I have a dataset of three images. When I create an autoencoder to train on those three images, the output I get is the exact same for each image, and it looks like a blend of all three images.

My result looks like this:

Input image 1: enter image description here

Output image 1: enter image description here

Input image 2: enter image description here

Output image 2: enter image description here

Input image 3: enter image description here

Output image 3: enter image description here

So you can see that the output is giving the exact same thing for each of the inputs, and while it matches each relatively well, it's not perfect.

This is a three image dataset - it should be perfect (or at least different for each of the images).

I'm concerned about this three image dataset because when I do the 500 image dataset, all I get back is a white blank screen, because that's the best average of all the images.

I'm using Keras, and the code is really simple.

from keras.models                   import Sequential
from keras.layers                   import Dense, Flatten, Reshape
import numpy as np

# returns a numpy array with shape (3, 24, 32, 1)
# there are 3 images that are each 24x32 and are black and white (1 color channel)
x_train = get_data()

# this is the size of our encoded representations
# encode down to two numbers (I have tested using 3; I still have the same issue)
encoding_dim = 2
# the shape without the batch amount
input_shape = x_train.shape[1:]
# how many output neurons we need to create an image
input_dim = np.prod(input_shape)

# simple feedforward network
# I've also tried convolutional layers; same issue
autoencoder = Sequential([
              Flatten(), # flatten
              Dense(encoding_dim), # encode
              Dense(input_dim), # decode
              Reshape(input_shape) # reshape decoding

# adadelta optimizer works better than adam, same issue with both
autoencoder.compile(optimizer='adadelta', loss='mse')

# train it to output the same thing it gets as input
# I've tried epochs up to 30000 with no improvement;
# still predicts the same image for all three inputs
autoencoder.fit(x_train, x_train,

out = autoencoder.predict(x_train)

I then take the outputs (out[0], out[1], out[2]) and convert them back into images. You can see the output images above.

I'm worried because this shows that the autoencoder isn't preserving any information about the input image, which is not how an encoder should perform.

How can I get the encoder to show differences in outputs based on the input images?


One of my coworkers had the suggestion of not even using an autoencoder, but a 1 layer feedforward neural network. I tried this, and the same thing happened, until I set the batch size to 1 and trained for 1400 epochs, and then it worked perfectly. This leads me to think that more epochs would solve this issue, but I'm not sure yet.


Training for 10,000 epochs (with batch-size 3) made the second image look different than the first and third on the encoder, which is exactly what happened on the non-encoder version when running for around 400 epochs (also with batch-size 3) providing further evidence that training for more epochs may be the solution.

Going to test using batch size 1, and see if that helps even more, and then try training for very many epochs and see if that completely solves the issue.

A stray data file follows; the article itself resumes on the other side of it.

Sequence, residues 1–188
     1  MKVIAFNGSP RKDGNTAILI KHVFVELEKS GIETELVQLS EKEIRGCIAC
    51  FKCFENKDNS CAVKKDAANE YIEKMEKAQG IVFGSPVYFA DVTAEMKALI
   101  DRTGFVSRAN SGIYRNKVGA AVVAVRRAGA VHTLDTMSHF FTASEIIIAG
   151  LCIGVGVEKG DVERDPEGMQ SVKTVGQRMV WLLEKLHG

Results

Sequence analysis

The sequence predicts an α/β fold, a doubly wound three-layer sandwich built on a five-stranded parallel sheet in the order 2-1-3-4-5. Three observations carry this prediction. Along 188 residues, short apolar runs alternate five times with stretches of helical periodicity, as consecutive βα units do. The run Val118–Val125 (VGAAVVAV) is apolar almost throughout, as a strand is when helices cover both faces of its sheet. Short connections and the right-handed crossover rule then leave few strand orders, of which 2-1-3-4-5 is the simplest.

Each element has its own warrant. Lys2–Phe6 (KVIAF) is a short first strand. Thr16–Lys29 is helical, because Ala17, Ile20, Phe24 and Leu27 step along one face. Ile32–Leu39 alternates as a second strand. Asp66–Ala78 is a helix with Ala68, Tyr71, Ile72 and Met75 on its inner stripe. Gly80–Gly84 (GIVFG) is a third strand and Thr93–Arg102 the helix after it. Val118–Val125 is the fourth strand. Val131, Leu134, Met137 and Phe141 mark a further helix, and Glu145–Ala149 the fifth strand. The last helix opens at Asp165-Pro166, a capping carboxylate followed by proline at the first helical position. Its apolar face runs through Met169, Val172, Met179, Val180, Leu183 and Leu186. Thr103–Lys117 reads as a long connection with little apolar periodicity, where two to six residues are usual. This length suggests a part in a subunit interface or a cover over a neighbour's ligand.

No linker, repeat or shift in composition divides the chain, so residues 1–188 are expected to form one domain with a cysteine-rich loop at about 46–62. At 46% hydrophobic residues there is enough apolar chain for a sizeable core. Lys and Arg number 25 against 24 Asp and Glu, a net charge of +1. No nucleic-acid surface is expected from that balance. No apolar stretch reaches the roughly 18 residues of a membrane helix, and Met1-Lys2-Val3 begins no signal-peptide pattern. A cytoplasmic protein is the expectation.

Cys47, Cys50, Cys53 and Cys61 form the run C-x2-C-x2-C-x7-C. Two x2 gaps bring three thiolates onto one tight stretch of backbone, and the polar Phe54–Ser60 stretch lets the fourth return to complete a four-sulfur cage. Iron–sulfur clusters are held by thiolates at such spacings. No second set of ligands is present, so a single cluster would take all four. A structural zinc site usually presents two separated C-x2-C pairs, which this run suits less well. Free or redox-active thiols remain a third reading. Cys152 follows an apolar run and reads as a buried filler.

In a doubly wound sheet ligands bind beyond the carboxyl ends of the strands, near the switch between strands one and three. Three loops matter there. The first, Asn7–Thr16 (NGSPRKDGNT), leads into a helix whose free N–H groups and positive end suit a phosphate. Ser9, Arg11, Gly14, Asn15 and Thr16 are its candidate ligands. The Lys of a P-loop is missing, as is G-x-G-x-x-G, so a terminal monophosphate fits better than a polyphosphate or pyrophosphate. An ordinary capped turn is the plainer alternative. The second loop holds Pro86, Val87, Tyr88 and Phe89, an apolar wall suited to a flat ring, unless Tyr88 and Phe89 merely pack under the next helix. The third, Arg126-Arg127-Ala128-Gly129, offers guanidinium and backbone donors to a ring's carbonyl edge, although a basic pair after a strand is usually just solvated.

• Have you normalized the images? What is the loss during training? Does it decrease?
    – today
    Jul 9 '18 at 20:57
  • Yes, I have normalized the images to values between 0 and 1 using the formula found here
    – Pro Q
    Jul 9 '18 at 20:59
  • 1
    What's the value of loss at epoch 1 and 10? If increasing the epochs resolved the issue I would recommend increasing the learning rate of optimizer. Then with fewer epochs the network may converge.
    – today
    Jul 9 '18 at 21:02
  • Over 4000 epochs, the loss decreases from .9 to about .0054 and then starts jumping around a lot, up to .0169 or similar. A smaller learning rate might help with the jumping.
    – Pro Q
    Jul 9 '18 at 21:03
  • 1
    Then, as you can see the loss has not decreased significantly. One possible solution is to increase the learning rate. For example the default learning rate of Adam optimizer is 1e-3. You can try 1e-2 or 3e-2 or 1e-1 (i.e. keras.optimizers.Adam(lr=learning_rate_value)). Try different learning rates and see if they help. If it works it may converge after say 20 or 50 or 100 epochs (i.e. much fewer than 1400 epochs). Please confirm this.
    – today
    Jul 9 '18 at 21:08

My encoding dimension was way too small. Trying to encode 24x32 images into 2 numbers (or 3 numbers) is just too much for the autoencoder to handle.

By raising encoding_dim to 32, the issue was pretty much solved. I was able to use the default learning rate with the Adadelta optimizer. My data didn't even need to be normalized (just dividing all of the pixels by 255 worked).

The "binary_crossentropy" loss function seemed to work a bit faster/better than "mse", although "mse" (mean-squared-error) worked just fine.

In the first few hundred epochs though, it does look like it's blending the images. However, as it trains for longer, the more it starts to separate.

I also made the output activation of the encode layer be relu and the activation of the decode layer be sigmoid. I'm not sure how much of an effect that had on the output - I haven't tested it.

This page helped a ton in understanding what I did wrong. I just copy/pasted the code and found out it worked on my dataset, so the rest was figuring out what I did wrong.

Here's some images of their simple autoencoder architecture working on my dataset (which was my first sign of hope):

500 Epochs: Messy, but better

2000 Epochs: Playable!

Your Answer

By clicking “Post Your Answer”, you agree to our terms of service, privacy policy and cookie policy

Not the answer you're looking for? Browse other questions tagged or ask your own question.